Top Healthcare Issues in Australia

Do you know that the healthcare system in Australia is one of the most admired in the world? Being employed for decades now, the system has seen the support of authorities, the states and the Australian people-a big difference from the current U.S. health system that is still under debate. Notably, with the help of the national government and the individual states, you are able to provide one of the best healthcare services in the world. This is proven by the continuous high average life expectancy and the low infant death rates in the country year after year.

However, just like anything else, the Australian healthcare system also faces tough challenges; issues that, no matter how faultless the system may seem, are bound to arise. While these issues may seem inevitable, with further development and research, the Department of Health and Ageing may find solutions to these problems.

The following are the Top Healthcare Issues facing Australia today.

Indigenous Health

One of the biggest challenges in the healthcare system of Australia is the low health services offered to Aboriginal Australians. Statistics indicate that these nationals are far less healthy than the rest of the Australian community. The mortality rate of Aboriginal Australians, especially those in Torres Strait Island, is two to four times higher than non-Indigenous Australians.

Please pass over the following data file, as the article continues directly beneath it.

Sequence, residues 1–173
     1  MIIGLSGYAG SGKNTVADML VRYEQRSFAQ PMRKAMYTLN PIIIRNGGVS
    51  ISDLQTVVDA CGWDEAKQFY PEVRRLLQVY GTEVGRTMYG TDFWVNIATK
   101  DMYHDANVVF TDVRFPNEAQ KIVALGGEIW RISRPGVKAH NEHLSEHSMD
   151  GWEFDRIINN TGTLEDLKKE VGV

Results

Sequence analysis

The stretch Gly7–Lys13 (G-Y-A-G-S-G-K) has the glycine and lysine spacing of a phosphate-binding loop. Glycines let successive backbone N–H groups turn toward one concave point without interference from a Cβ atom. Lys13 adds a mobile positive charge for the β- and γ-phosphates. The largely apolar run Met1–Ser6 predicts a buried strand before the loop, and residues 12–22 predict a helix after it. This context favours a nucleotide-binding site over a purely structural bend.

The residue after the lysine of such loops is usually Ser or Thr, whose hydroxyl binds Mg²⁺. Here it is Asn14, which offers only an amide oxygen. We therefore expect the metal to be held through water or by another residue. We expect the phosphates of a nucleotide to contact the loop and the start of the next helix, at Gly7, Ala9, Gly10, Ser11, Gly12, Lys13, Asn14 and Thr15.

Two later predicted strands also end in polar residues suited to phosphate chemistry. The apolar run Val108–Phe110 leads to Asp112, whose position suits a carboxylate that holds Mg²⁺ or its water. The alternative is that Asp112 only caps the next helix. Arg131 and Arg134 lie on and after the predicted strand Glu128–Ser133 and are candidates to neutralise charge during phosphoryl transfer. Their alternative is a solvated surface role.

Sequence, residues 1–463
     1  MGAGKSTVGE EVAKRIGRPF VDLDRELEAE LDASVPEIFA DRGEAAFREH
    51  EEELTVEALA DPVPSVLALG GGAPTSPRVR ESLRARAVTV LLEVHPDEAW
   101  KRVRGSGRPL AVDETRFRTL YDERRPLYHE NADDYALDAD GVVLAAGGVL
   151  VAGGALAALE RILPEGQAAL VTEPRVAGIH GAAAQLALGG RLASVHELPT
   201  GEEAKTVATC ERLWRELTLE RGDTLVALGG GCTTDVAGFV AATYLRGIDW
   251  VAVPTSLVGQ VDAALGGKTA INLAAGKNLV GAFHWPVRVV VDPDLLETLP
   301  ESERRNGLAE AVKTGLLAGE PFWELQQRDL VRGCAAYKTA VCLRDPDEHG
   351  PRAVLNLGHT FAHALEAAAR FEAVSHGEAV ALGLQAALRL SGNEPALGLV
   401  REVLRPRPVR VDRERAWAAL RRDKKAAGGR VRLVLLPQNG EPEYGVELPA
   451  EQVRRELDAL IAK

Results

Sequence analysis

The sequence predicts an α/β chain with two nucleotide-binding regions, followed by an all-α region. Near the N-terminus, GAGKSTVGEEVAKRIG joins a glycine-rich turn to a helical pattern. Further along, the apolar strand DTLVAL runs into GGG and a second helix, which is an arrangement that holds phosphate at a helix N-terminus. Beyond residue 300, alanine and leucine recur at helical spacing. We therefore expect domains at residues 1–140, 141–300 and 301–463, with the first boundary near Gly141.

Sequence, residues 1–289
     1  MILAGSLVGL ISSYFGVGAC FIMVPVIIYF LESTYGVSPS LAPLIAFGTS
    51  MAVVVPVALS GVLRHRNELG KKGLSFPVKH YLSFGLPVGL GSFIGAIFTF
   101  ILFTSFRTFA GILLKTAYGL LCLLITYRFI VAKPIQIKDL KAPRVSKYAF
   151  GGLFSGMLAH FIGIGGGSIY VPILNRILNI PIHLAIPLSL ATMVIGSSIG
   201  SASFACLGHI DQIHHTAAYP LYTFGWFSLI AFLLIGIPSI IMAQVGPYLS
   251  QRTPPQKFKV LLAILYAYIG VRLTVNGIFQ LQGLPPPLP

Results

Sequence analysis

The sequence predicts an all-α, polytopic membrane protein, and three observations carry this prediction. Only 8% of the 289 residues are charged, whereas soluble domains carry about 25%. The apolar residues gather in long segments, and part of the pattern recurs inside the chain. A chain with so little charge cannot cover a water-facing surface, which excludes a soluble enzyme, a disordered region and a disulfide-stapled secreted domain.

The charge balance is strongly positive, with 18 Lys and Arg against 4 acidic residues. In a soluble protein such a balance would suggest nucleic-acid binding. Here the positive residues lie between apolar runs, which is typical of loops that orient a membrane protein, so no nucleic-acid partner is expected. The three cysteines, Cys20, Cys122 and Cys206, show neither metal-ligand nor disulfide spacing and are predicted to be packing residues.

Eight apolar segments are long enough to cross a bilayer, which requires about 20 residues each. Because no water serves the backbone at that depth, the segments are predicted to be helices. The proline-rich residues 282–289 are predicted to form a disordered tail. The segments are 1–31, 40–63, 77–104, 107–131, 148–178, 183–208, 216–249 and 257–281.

The average age of death is also considerably younger than those living in the city. According to a study published by the World Health Organization, in 2003 the median age for death in Indigenous men averaged 46.3 years in the Northern Territory and 56.8 years old in New South Wales. Women death age range from 50 years old in South Australia to 62.1 years in Queensland-a big letdown from the average 81.9 years old of the entire country.

The leading cause of death for indigenous men and women is cardiovascular diseases, which includes heart disease and stroke. This is followed by injuries (for men), malignant neoplesia, respiratory diseases and endocrine, nutritional and metabolic disorders.

Cost of New Medical Technology

The continuous development of medical technology has been astounding. New machines are regularly being discovered that advance the field of healthcare to greater heights. But just as well, these technologies post greater costs not only to the government but to the society at-large. Medical advances such as radiological scanners, non-invasive surgical equipment and many more, come at considerable hefty costs. With this, the Department of Health and Ageing faces tough decisions as to where and to whom such expenses must be applied.

Placing these costly but needed technological devices on the current healthcare system, Medicare, or on the Pharmaceutical Benefits Scheme (PBS) will definitely increase the availability of these advancements to the public; however, it will also certainly raise the costs for Australians. On the other hand, not employing such advancements will raise questions, if not debates, as to why these devices are not available in the country. This will generate heated discussions and inquiries as to where the healthcare budget is being allocated to.

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Five Trends to Note in Healthcare Marketing